Oil prices skyrocket as OPEC confirms deal to cut production

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VIENNA — OPEC finally has a deal!

The oil cartel finalized an agreement on Wednesday to cut its overall production by 1.2 million barrels a day.

Crude prices boomed by almost 9% to $49.20 per barrel as investors cheered the long-awaited deal.

The agreement will set OPEC’s new production ceiling at 32.5 million barrels a day starting in January. That’s down from the 33.6 million barrels a day the group pumped in October.

“We have been able to reach an agreement,” said Qatar’s oil minister Mohammed bin Saleh al-Sada. “This agreement is out of the sense of responsibility for OPEC member countries, for non-OPEC countries, for the general well-being and the health of the world economy.”

Indonesia had decided to suspend its membership of OPEC because it could not agree to the production cut, he added.

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The agreement will see most OPEC countries cut their production by around 4.6%. Saudi Arabia, the group’s biggest producer, will see its output decline by almost 500,000 barrels a day.

The agreement hinges on the cooperation of major non-OPEC producers, who must also cut their production by a combined 600,000 barrels a day. Al-Sada, who is also OPEC’s president, said that Russia had agreed to slash its production by 300,000 barrels a day.

The idea is that a production cut will help boost crude prices, which have already risen from $26 per barrel in February.

The meeting, which was held in Vienna, caps months of fraught negotiations that pitted the cartel’s de-facto leader Saudi Arabia against its regional rival Iran.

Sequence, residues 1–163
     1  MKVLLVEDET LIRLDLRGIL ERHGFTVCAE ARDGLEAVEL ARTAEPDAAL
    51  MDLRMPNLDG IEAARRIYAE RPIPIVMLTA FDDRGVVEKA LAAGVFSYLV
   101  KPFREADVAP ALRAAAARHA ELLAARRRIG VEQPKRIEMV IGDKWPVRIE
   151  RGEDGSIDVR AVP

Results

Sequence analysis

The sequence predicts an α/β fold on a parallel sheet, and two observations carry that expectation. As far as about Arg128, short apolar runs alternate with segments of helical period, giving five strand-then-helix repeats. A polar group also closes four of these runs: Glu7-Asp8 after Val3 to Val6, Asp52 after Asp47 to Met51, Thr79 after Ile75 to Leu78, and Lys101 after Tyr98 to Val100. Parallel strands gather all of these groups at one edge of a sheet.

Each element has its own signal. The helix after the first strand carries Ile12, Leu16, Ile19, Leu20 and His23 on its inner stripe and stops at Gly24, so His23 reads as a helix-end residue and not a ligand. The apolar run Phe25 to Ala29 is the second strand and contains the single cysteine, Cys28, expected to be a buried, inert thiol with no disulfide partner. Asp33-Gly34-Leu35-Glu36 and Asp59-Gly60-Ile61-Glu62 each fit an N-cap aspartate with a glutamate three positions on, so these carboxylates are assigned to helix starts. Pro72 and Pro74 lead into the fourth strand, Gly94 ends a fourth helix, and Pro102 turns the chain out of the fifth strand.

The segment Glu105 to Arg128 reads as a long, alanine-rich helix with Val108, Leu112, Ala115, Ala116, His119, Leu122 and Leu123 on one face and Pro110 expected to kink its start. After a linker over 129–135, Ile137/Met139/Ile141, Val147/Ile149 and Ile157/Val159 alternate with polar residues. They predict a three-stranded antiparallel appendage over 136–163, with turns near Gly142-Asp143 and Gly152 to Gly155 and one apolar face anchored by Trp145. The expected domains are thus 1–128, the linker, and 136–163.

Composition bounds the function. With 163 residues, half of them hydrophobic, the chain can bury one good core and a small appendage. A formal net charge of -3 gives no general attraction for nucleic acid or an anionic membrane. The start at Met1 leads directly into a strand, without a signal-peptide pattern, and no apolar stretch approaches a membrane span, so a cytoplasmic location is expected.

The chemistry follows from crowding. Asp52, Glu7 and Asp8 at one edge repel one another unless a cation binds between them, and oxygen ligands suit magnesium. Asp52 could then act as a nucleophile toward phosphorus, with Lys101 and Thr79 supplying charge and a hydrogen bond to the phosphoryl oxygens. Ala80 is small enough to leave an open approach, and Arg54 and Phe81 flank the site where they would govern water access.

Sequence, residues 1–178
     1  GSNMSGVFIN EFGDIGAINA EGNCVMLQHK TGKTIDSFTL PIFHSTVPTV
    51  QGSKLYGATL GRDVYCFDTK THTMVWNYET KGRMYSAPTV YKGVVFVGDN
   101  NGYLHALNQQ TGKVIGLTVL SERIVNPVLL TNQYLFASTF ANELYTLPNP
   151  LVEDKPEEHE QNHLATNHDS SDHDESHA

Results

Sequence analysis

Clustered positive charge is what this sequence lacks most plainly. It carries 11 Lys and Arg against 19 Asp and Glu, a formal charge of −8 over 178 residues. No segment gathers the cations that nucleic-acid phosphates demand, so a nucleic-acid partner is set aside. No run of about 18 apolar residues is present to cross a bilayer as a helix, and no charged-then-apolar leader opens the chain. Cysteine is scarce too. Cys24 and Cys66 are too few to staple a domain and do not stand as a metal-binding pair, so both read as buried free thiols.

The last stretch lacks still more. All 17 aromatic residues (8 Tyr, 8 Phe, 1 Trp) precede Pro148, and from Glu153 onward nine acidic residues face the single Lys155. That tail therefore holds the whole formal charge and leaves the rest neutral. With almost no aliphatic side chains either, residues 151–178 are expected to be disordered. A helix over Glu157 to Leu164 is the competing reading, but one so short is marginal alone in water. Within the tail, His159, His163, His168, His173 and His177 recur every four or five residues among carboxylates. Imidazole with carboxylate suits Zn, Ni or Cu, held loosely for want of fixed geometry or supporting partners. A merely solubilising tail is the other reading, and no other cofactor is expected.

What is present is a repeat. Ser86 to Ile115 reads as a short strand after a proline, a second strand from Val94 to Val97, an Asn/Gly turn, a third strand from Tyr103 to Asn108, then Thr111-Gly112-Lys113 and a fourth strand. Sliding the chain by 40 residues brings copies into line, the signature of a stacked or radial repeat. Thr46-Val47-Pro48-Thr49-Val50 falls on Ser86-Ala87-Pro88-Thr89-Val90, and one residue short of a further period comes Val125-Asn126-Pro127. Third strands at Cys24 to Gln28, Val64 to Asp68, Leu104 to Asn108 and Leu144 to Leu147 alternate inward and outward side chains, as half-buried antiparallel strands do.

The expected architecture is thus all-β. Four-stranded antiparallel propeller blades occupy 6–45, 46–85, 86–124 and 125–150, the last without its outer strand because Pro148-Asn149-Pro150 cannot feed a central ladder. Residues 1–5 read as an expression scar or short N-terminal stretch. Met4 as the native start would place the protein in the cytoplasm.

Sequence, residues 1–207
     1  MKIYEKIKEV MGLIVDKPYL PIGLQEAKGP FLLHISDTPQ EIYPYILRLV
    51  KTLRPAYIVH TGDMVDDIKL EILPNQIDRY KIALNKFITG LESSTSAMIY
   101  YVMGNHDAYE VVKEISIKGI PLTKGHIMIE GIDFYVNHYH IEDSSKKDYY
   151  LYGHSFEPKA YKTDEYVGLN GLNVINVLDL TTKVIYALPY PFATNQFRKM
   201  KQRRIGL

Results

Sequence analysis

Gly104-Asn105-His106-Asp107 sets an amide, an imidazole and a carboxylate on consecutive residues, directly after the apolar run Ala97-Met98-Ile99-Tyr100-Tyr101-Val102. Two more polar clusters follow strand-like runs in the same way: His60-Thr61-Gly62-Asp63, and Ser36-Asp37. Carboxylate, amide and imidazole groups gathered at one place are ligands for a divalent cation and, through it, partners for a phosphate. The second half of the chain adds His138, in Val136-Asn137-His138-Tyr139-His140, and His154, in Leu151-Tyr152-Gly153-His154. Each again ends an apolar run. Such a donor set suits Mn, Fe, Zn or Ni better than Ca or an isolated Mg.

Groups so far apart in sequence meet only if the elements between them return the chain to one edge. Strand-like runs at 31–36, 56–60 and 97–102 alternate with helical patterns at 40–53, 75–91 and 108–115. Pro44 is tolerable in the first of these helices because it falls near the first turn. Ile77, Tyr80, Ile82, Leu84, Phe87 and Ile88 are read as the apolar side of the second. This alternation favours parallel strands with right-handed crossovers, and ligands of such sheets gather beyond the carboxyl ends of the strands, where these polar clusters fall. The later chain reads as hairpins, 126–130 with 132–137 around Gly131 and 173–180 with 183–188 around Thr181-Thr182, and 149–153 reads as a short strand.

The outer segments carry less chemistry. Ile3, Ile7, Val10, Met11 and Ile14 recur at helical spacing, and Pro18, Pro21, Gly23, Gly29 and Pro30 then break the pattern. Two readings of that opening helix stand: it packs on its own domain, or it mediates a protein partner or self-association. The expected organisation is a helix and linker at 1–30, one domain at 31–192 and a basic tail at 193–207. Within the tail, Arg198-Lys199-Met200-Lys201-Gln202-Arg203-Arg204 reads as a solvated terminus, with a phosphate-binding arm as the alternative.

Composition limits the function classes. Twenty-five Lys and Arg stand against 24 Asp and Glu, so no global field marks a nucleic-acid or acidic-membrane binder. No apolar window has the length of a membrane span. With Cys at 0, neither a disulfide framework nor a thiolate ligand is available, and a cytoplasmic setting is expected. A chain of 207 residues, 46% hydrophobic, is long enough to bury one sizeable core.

Iran’s production level was a key sticking point in negotiations. Tehran had insisted on keeping its production near 4 million barrels a day, which is the amount it was pumping before sanctions were imposed.

The agreement reached Wednesday allows Iran to ramp up production by 90,000 barrels a day to just below 3.8 million barrels a day. That’s a daily boost of 1 million barrels over its 2015 average.

Libya and Nigeria have also been granted an exemption from the cut. Both countries had seen their production drop because of of armed conflict.

In September, producers achieved a breakthrough and preliminarily agreed to trim output for the first time since 2008.

The tentative agreement sent crude soaring above $50 a barrel — but the lack of agreement on final details caused investors to worry that the deal may fall through.

Al-Sada as asked during a press conference to address whether OPEC was still a vital organization.

“OPEC is still OPEC,” he said. “Today’s unity is a very explicit sign about the position of OPEC.”

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